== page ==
Meet the 2018 SELI Fellows

 

On July 25 – 27, SEF wrapped up its 15th cohort of the Southern Education Leadership Initiative. This 2018 cohort consisted of ten talented and passionate young leaders from areas across the South. Over the course of the summer, these fellows worked to strengthen education equity and support school districts and community organizations throughout 8 states in the South. Hear what these fellows had to say about their summer experience.

 

Brianna Paul, Jacksonville Public Education Fund

What lessons did you learn during this experience that will carry with you in your work?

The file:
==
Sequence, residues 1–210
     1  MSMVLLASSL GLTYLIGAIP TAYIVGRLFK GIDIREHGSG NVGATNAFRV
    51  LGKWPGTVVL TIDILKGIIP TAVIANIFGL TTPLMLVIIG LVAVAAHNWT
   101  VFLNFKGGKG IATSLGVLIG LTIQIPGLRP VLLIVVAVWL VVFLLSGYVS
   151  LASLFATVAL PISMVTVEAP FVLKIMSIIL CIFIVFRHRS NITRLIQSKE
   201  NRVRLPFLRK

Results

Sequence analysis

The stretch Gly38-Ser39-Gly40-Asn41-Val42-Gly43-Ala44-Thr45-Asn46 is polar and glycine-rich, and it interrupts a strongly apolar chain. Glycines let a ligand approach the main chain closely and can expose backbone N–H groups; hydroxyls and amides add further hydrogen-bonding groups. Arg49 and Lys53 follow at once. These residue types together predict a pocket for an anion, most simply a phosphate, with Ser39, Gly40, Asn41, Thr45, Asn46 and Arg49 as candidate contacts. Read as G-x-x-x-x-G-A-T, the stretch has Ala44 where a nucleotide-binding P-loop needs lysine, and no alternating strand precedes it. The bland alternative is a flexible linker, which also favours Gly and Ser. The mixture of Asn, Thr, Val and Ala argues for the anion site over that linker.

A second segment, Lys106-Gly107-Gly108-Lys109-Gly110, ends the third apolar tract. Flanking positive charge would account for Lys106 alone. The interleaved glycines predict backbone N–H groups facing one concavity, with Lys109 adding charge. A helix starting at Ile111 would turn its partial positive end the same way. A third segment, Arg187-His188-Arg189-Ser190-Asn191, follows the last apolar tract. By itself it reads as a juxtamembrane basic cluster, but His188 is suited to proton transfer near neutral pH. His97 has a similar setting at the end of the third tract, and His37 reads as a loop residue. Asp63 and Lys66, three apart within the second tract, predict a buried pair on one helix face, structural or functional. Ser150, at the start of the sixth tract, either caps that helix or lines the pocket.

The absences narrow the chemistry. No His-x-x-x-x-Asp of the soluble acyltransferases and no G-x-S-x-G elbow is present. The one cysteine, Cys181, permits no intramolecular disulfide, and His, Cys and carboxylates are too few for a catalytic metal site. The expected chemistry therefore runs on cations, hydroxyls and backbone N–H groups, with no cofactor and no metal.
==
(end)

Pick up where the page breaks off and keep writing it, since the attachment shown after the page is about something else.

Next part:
“Whether from direct conversations or from mere observations, my time here has been filled with enriched experiences that have granted me with professional development and sagacity. One major lesson I’ve learned is: diversity requires intentionality. It is not enough to just put an ethnicity and/or gender check box on an application and think the pursuit is complete. Real diversity requires work — work that sometimes forces us to recognize our own prejudices and create spaces for authentic conversations. It is not enough to want more black and brown bodies in an institute; that philosophy has become outdated. Establishments have made a point to recruit students and personnel in order to only satisfy an enforced quota. In 2018, we have to recognize that diversity exists even within same cultural communities. As a black woman who is a Haitian-American, my experience is not the same as some of my counterparts. A transgender person’s experience may not be the same as his/her gay, lesbian, bisexual counterparts. We cannot have a monolithic infrastructure on the way we go about being inclusive to all people with multiple kinds of experiences.”